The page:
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Blackfoot Talking Dictionary

The white horse is the highest offering to be given.  This mare guides the aboriginal people to the spirit world. The Friends of Geographical Names of Alberta with the support of the Geographical Names Program, Alberta Culture and Community Spirit, has initiated the Aboriginal Talking Dictionary project as a vehicle for the formal recognition of Native values and traditions within Native lands and beyond their boundaries. The project involves Elders and Aboriginal artists in telling the stories of their People and their Land. The first project completed is Blackfoot Landscape Geography: Niitsitapi Place Names - An Indigenous Talking Dictionary of Alberta Place Names in Blackfoot Country. The project will have a supporting Namedropper Program for grade 4 students that will engage them in the history of the Blackfoot Peoples told through place names.

This resource tells, through the voice of Elder Wifred Yellow Wing and the paintings of Trevor Kiitokii, the Stories of the Piikani Nation - their People and Their Land - just as Aboriginal children have been taught for centuries. The stories are told in either Blackfoot or English and evocative of the way in which traditional knowledge was passed on from one generation to the next around a fire pit or by a stream near a summer hunting camp. The use of the Blackfoot language serves not only as a means of engaging teachers and students in a living language and culture but also as a vehicle for language retention.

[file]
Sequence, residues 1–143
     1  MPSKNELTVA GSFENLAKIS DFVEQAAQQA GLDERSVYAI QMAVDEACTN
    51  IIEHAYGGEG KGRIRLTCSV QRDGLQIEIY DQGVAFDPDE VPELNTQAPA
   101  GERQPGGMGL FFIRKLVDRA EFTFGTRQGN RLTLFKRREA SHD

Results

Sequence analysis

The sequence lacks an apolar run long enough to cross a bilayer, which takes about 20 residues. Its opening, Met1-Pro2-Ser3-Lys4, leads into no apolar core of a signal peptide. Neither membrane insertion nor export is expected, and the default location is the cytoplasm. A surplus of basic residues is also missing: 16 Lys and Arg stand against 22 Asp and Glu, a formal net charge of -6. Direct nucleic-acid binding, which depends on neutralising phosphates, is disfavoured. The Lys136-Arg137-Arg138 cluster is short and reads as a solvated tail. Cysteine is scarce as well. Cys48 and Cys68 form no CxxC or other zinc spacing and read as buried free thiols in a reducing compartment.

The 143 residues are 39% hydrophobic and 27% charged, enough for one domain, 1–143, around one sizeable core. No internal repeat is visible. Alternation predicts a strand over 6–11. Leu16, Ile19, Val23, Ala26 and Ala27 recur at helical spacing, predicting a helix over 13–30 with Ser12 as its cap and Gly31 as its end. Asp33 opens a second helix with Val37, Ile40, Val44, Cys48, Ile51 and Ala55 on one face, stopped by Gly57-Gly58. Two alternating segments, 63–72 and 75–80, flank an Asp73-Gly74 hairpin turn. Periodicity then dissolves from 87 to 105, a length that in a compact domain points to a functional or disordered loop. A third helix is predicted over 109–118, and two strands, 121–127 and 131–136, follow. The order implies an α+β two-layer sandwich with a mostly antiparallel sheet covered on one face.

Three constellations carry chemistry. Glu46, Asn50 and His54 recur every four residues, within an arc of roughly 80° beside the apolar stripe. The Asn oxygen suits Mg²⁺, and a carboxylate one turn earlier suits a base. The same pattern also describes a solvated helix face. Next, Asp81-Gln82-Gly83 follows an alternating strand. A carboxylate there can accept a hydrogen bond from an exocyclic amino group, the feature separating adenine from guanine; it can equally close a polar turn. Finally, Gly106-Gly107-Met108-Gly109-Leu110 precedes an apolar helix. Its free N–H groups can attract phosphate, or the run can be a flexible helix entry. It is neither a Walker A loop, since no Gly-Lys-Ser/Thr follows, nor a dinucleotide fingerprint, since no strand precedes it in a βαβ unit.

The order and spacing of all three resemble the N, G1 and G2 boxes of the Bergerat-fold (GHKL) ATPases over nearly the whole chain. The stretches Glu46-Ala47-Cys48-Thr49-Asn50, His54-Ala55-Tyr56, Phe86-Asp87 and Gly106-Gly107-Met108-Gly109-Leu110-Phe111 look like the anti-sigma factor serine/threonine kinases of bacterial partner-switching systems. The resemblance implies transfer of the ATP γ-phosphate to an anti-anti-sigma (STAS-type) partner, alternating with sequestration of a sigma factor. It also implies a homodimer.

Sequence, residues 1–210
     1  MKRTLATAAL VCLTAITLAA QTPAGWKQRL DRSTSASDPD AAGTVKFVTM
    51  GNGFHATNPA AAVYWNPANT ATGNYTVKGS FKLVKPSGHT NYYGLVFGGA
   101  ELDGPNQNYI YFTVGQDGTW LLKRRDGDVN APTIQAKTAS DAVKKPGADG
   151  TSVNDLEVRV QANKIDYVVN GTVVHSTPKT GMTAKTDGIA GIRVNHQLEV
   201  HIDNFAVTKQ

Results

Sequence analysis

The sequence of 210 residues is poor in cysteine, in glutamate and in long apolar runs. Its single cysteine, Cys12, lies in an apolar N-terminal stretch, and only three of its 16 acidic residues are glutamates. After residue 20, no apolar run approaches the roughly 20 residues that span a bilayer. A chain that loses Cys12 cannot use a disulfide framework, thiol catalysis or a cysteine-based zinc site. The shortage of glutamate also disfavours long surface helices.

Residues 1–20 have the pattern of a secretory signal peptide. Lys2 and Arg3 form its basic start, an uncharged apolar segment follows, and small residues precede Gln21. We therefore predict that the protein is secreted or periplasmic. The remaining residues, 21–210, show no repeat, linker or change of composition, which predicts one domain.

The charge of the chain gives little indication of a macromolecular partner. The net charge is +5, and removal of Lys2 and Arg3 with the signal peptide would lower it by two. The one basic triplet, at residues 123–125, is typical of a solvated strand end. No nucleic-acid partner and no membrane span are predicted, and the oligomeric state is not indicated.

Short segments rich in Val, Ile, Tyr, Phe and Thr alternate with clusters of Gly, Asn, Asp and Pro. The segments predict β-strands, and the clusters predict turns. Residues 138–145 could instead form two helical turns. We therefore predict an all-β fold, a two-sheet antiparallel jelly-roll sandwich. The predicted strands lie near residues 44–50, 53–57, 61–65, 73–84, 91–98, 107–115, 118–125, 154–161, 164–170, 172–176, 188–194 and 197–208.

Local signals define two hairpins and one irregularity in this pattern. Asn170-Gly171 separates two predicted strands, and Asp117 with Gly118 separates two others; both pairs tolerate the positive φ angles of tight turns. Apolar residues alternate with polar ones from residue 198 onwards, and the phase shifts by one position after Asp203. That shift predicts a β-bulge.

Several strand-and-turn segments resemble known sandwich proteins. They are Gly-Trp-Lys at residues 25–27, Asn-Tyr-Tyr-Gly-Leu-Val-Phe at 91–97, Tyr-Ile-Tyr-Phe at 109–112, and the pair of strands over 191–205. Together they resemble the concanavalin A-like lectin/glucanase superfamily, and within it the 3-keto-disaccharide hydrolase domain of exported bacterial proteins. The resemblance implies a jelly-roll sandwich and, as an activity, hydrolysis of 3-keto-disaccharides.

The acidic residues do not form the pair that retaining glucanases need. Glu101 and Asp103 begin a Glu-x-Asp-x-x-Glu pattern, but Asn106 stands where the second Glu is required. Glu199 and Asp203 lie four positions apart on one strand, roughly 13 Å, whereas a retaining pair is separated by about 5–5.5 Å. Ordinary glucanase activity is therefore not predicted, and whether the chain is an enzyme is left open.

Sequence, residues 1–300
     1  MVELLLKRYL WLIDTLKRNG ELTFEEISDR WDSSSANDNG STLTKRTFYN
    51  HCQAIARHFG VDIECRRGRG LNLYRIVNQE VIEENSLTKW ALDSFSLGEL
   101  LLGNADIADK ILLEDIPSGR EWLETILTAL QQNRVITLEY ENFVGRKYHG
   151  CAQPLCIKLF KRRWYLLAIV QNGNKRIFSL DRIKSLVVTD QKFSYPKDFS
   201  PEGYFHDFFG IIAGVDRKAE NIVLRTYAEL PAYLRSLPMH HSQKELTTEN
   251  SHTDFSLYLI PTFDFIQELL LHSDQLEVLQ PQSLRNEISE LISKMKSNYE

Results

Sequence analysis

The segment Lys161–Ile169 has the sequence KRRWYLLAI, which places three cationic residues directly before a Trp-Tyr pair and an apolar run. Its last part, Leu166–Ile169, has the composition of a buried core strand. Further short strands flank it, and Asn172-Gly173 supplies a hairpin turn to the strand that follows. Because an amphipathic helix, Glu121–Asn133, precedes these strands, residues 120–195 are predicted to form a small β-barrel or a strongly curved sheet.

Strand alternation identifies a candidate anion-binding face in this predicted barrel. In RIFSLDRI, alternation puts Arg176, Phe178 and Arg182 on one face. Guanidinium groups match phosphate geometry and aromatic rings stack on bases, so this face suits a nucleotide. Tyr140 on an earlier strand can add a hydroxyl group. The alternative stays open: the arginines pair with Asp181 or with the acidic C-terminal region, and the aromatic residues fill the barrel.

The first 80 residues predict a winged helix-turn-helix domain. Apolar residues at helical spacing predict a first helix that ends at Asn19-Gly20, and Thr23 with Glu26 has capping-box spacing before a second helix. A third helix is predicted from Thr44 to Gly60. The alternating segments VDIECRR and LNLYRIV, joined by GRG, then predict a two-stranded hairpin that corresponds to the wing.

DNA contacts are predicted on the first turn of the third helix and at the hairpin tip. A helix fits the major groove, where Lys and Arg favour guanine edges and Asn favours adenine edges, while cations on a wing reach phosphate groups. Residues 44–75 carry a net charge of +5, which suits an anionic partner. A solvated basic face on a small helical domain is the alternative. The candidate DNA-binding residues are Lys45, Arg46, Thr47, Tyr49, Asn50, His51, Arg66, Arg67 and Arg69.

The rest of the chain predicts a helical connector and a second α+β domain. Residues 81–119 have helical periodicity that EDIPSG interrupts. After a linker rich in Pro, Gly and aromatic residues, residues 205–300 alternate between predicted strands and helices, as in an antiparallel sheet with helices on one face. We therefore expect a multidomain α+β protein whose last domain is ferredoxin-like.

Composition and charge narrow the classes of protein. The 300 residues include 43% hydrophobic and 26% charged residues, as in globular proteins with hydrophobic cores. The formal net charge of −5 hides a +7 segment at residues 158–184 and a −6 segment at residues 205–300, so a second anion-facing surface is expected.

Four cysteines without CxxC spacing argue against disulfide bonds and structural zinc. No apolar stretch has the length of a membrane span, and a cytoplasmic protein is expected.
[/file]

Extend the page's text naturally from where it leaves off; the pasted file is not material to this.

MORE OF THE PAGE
The Friends has purposely chosen to have these stories told by the Elder in the same traditional way of Blackfoot People. The Elder is the historian who passes the knowledge of his people from generation to generation. Unlike other cultures that have become more reliant on written history, Aboriginal People in Canada rely almost completely on the oral history. The loss of Aboriginal languages means that we may lose the richness the Aboriginal people of Alberta bring to our heritage. Aboriginal artist Trevor Prairie Chicken makes use of traditional images of the Blackfoot People, the same images used on tepees and the petroglyphs at Writing-on-Stone site.

Many times a warrior is called upon to travel swiftly and many times it seams that the warrior can be at two places at the same time.  The buffalo runner would have been a two medicine warrior. The buffalo runner would have imitated the lost calf to draw the buffalo to the jump. To honer the otter spirit for its help to the plains people. Honor, Wisdom and Strength.

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††††††††††† For more on place names of Alberta, visit Peelís Prairie Provinces.

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